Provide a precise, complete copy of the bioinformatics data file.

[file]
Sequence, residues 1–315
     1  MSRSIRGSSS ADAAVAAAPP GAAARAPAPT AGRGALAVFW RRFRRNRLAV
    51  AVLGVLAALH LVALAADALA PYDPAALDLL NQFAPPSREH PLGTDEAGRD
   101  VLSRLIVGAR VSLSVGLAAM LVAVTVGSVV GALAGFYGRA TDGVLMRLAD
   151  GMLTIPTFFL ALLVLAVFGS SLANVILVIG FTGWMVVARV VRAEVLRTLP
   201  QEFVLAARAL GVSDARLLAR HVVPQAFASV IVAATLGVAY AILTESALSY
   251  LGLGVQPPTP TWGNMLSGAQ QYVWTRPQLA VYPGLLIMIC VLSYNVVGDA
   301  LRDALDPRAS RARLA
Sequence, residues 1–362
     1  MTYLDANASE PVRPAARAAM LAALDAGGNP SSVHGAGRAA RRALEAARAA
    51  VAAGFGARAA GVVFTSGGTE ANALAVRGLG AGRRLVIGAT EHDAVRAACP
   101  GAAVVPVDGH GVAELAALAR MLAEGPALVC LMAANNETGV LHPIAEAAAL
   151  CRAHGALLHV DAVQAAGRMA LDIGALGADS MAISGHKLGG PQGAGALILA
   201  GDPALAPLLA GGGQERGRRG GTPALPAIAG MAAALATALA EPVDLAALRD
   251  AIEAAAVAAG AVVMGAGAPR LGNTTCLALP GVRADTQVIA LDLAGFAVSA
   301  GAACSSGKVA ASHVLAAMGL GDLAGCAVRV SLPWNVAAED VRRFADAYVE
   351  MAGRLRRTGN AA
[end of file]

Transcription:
Sequence, residues 1–315
     1  MSRSIRGSSS ADAAVAAAPP GAAARAPAPT AGRGALAVFW RRFRRNRLAV
    51  AVLGVLAALH LVALAADALA PYDPAALDLL NQFAPPSREH PLGTDEAGRD
   101  VLSRLIVGAR VSLSVGLAAM LVAVTVGSVV GALAGFYGRA TDGVLMRLAD
   151  GMLTIPTFFL ALLVLAVFGS SLANVILVIG FTGWMVVARV VRAEVLRTLP
   201  QEFVLAARAL GVSDARLLAR HVVPQAFASV IVAATLGVAY AILTESALSY
   251  LGLGVQPPTP TWGNMLSGAQ QYVWTRPQLA VYPGLLIMIC VLSYNVVGDA
   301  LRDALDPRAS RARLA
Sequence, residues 1–362
     1  MTYLDANASE PVRPAARAAM LAALDAGGNP SSVHGAGRAA RRALEAARAA
    51  VAAGFGARAA GVVFTSGGTE ANALAVRGLG AGRRLVIGAT EHDAVRAACP
   101  GAAVVPVDGH GVAELAALAR MLAEGPALVC LMAANNETGV LHPIAEAAAL
   151  CRAHGALLHV DAVQAAGRMA LDIGALGADS MAISGHKLGG PQGAGALILA
   201  GDPALAPLLA GGGQERGRRG GTPALPAIAG MAAALATALA EPVDLAALRD
   251  AIEAAAVAAG AVVMGAGAPR LGNTTCLALP GVRADTQVIA LDLAGFAVSA
   301  GAACSSGKVA ASHVLAAMGL GDLAGCAVRV SLPWNVAAED VRRFADAYVE
   351  MAGRLRRTGN AA